Just the Job – Security Officer/Guard

By | December 2, 2019


Eddie: Hello, my name is Eddie, I’m 18 years
old and I go to Wanganui City College and I’m interested in a career in security. Clinton: Today’s security industry is fast
growing where technology is making big changes. Edward’s headed to the impressive headquarters
of Wanganui Security to find out more. Eddie: Wow, what a great place! Mark: Yep, we really love it here. Come on
upstairs and well show you around. Clinton: Company owner Mark Simmonds is on
hand to start Edward’s tour. Mark: One of the great things about this building
is the size –we’ve got 18,000 square feet here which allows us to do a lot of training.
We do a lot of in-house and external training. The range of jobs start basically from static
guards, where they’ll be on a site protecting premises or buildings, move through to patrols
where they’re mobile, checking plants and equipment, you’ve got the cash crew which
will do all the ATM machines and the likes of that, and then into the technical crews
which do alarms and installations. Clinton: Before Edward heads out for his security
experience there’s a run down on safety and the company rule book. Mark: These are the things that you need to
learn to obtain your licence. Clinton: So first it’s off to Wanganui’s
Trafalgar Square Mall where Edward meets security guard Allister Bostok. Eddie: So what job do we do here in the mall? Allister: Well at the moment we’re just
here to be seen, be seen so that shop lifters know that we’re around and so the shop lifting
will simply not happen. Mark: Static guard jobs that we do around
Wanganui and around the country include Trafalgar Square where we have guards making sure that
the site is safe, people moving around are safe, being able to evacuate the building
and at the end of the night being able to secure and lock the building down. Allister: So another part of being seen is
actively talking to staff, getting to know them, that way they have faith in you that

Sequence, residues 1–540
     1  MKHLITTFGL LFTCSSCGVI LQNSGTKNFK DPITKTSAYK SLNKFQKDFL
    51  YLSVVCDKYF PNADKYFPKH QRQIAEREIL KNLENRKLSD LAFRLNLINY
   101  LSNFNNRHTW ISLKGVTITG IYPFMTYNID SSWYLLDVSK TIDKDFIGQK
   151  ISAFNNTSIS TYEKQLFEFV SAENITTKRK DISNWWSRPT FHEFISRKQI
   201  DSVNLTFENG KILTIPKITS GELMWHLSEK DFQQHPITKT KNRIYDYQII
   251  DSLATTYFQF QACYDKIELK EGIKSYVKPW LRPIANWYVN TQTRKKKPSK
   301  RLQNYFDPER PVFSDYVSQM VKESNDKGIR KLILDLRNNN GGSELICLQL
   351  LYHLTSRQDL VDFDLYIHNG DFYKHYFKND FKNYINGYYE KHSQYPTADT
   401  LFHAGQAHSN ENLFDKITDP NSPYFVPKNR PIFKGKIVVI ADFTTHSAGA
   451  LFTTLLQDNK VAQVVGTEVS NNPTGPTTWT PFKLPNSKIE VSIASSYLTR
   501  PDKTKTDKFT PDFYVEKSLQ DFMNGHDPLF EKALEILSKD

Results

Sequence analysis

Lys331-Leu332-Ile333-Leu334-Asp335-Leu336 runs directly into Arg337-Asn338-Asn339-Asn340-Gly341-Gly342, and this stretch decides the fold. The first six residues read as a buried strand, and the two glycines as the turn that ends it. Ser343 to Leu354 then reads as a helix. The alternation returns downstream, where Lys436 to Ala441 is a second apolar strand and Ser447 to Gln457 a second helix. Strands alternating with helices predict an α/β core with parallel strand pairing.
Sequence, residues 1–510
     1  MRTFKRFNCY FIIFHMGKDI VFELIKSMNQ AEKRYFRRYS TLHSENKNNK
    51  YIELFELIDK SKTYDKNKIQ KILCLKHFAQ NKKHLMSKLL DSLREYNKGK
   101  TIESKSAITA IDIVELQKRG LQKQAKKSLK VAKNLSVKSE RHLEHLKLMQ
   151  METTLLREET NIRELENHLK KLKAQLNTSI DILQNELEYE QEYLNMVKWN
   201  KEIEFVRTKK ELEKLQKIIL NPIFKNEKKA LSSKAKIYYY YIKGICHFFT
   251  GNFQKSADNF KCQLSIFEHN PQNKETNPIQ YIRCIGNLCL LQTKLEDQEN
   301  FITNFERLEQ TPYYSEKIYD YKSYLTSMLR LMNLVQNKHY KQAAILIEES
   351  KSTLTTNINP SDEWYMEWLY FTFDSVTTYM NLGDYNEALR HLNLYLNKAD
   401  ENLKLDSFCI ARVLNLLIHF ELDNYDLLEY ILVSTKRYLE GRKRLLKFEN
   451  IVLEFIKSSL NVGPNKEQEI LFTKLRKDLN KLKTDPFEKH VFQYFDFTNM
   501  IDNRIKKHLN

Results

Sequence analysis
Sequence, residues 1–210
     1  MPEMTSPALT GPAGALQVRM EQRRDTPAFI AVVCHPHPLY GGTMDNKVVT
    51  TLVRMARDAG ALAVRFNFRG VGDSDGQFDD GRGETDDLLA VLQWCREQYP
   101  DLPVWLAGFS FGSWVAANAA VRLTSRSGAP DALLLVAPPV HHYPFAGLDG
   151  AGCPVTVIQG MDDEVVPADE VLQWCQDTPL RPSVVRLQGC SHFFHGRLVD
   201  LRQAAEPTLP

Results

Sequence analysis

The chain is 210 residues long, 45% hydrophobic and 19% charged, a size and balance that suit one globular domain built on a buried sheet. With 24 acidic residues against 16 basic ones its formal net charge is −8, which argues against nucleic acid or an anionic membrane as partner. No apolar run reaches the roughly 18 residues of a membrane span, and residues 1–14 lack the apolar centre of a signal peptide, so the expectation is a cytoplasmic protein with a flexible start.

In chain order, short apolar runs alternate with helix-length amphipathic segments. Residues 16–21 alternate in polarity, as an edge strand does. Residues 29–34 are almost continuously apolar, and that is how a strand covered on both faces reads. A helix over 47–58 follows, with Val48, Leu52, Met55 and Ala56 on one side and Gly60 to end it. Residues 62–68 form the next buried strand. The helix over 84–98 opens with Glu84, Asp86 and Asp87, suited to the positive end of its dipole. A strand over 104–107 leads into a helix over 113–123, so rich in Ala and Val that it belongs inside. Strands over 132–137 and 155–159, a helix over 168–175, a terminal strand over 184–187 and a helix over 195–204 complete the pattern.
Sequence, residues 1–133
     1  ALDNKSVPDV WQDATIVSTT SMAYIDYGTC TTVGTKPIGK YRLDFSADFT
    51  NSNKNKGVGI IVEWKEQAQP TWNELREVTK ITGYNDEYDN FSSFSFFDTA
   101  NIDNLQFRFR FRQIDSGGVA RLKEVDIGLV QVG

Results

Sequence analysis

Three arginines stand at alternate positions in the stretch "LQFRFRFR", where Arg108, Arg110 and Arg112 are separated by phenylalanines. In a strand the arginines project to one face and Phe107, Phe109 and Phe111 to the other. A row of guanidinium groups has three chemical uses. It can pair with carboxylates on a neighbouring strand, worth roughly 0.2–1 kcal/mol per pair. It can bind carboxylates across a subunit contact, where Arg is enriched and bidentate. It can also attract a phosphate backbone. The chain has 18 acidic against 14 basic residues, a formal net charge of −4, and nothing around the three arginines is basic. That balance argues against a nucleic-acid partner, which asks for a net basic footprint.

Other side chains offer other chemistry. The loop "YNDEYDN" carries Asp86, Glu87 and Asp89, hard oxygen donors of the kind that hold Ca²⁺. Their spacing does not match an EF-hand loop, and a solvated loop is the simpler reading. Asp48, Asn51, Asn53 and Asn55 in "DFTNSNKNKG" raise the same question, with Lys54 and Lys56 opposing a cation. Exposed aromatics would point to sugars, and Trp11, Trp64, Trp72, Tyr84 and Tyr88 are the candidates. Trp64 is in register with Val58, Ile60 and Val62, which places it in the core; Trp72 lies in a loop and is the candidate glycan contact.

you’re going to be there when they call, also they will know that once you’re there,
they can just back off and you can handle the shop lifter. Clinton: Next Edward’s off to the Hatrick
Raceway where guards keep secure the track itself, the race meeting, the cash and, unusually,
they assist the vet with the drug testing. Les Colman is the Security Guard on duty. Les: The work we do here is to protect the
integrity f greyhound racing. Because people are betting on the greyhound races there are
rule there to ensure that there isn’t cheating… Clinton: And keeping kennels clean of any
possible contamination is all part of the job. Clinton: Well it’s been a winning day for
Edward so far, -and there’s more. Come evening he’s joining guard Mike Green for his night
shift patrol. Mike: Ok Edward, this is your RT for the day,
we’ll turn it on… Clinton: A 6pm to 6am security patrol averages
250 kilometres each night and Edward’s ready for it. Eddie: What’s in the box? Mike: These are for our job… Mike: …these are some of our keys… Eddie: That’s a lot of keys! Mike: That’s a lot of keys… Mike: Let’s go! Eddie: What do you like about the job? Mike: I get to see a lot of people, help people,
you can have a mind-set where you own the town, or the city, that’s pretty big, and
you look after it. Mike: Wanganui Port. So we’re just checking
the ropes to make sure they’re connected to the boat. That window has been smashed,